The government has announced a support package for training FE staff that includes tax-free bursaries worth up to £26,000 for teachers.
Eligible shortage subjects include maths, sciences, engineering, manufacturing, computing and English, with funding also available for teachers training to teach learners with special educational needs and disabilities (SEND) in 2020-21. A total of £11 million is being made available in grants and bursaries.
The news comes a year after it was announced that the previous bursary scheme was being scrapped.
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According to the Department for Education, the value of the bursaries will be matched with those offered upfront for teacher training in schools, where available – and so a maths, science, engineering and manufacturing or computing bursary will be worth £26,000. Meanwhile, an English bursary will attract £12,000, and a bursary for a teacher of learners with SEND will be worth £15,000.
The government's support package, announced today, also includes grants to FE providers for trainees who are training in-service, so undertaking paid teaching employment at the same time as training, in high-priority shortage subjects in the FE sector in England.
Eligible subjects for this scheme include maths, English and those teaching learners with SEND. The grants, worth £18,200, will help provide trainees with a specified teaching qualification at level 5 or above, remission from teaching time and additional support such as mentoring.
The package, worth £24 million in total, also includes £10 million to expand the government’s Taking Teaching Further programme – which allows industry professionals working in sectors such as engineering and computing to retrain as further education teachers – to a further 550 people, and £3 million for high-quality mentor training programmes, designed and delivered by the Education and Training Foundation (ETF).
Education secretary Gavin Williamson said the ambition for a “world-beating technical education system” could only be achieved if outstanding teachers are in place.
He said: “I’ve seen first-hand just how much brilliant work is already going on up and down the country. I want to thank the many thousands of further education teachers doing fantastic jobs and changing lives.
“This investment is a clear signal of the government’s commitment to helping the FE sector to continue to recruit and retain excellent teachers who will help to unlock their students’ full potential.“
Association of Colleges deputy chief executive Kirsti Lord said: “Supporting FE providers to recruit and retain the best possible teachers must be a top priority for a government with ambitious plans for improving technical education in this country.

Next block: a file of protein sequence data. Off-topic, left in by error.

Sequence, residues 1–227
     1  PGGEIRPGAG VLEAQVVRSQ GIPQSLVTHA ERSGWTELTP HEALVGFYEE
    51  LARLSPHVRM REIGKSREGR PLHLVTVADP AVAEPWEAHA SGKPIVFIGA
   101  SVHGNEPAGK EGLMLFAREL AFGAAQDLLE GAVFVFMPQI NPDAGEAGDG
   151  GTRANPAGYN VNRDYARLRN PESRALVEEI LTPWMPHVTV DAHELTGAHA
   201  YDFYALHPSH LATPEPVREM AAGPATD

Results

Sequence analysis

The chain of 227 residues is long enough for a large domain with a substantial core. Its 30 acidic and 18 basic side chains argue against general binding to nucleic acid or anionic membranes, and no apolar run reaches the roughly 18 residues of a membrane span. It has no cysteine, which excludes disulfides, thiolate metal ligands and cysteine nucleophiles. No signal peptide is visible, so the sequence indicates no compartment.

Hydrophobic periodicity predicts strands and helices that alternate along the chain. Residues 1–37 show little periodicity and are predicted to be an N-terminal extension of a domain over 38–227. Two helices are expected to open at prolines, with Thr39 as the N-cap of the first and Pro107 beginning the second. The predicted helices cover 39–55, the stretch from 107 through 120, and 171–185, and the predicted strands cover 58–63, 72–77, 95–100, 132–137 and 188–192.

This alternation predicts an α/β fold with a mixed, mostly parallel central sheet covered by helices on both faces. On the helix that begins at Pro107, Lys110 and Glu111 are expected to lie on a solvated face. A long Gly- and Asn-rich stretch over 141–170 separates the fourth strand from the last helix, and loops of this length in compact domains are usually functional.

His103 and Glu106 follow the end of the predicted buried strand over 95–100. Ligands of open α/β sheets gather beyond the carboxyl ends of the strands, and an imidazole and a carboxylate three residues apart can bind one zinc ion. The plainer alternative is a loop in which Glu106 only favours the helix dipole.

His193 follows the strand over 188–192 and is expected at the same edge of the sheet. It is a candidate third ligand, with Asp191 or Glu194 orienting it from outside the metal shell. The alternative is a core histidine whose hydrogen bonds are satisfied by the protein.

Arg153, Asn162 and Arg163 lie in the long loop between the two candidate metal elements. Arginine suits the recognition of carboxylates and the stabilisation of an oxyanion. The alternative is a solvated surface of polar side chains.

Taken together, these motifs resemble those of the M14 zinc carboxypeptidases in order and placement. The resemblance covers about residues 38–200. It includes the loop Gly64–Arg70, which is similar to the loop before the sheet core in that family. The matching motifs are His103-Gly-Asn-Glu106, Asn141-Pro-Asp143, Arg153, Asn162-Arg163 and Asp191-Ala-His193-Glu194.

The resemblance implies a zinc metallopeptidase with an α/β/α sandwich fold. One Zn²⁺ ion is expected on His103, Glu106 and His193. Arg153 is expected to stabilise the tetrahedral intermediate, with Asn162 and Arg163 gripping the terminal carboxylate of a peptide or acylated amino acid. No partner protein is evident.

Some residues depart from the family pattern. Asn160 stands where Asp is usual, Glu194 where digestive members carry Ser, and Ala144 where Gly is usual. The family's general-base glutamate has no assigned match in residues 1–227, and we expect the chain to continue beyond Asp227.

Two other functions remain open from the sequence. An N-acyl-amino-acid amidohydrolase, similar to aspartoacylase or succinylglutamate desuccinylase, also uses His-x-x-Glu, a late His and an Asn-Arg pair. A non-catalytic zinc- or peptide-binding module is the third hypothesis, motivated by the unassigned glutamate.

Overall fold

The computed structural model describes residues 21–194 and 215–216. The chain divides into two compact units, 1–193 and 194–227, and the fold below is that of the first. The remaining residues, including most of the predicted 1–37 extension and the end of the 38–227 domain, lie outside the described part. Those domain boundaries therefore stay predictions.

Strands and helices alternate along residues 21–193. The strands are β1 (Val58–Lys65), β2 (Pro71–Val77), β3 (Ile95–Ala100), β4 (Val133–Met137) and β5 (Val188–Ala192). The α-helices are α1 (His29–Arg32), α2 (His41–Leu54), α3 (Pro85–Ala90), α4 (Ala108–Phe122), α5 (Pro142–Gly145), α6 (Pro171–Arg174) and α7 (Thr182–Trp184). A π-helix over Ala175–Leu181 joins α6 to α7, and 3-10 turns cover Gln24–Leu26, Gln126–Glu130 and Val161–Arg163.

“We are delighted with the new investment from the Department for Education in the sector’s teaching workforce which our members will welcome – and we believe it marks an important step in giving FE teaching the recognition and support that it rightly deserves.”
'Attracting the very best industry talent'
David Russell, chief executive of the ETF, said the organisation was "delighted to continue the important work of attracting the very best industry talent into further education teaching roles through Taking Teaching Further".
“Taking Teaching Further is setting the standard for recruiting world-class teachers and trainers, who combine teaching excellence with hands-on industry experience, and is helping develop and build the country’s future," he added. "I encourage all colleges and FE providers to register and apply to take part in this important programme that will make a real difference to their organisations and learners.”
James Noble-Rogers, the executive director of the Universities’ Council for the Education of Teachers, said that teacher-training providers would welcome the new investment.
He said: “The decision to extend the availability of pre-service training bursaries to a wider group of potential applicants in more subject areas is particularly welcome, and will help to ensure that more individuals can access high-quality teacher training programmes.”
The DfE also announced it would carry out compulsory data collection from colleges. UCU head of further education Andrew Harden said: "The optional approach to workforce data collection has failed and we welcome this move to compulsory collection from colleges. Good-quality data is essential if we are to paint an accurate picture of how staff are being treated by employers across the sector."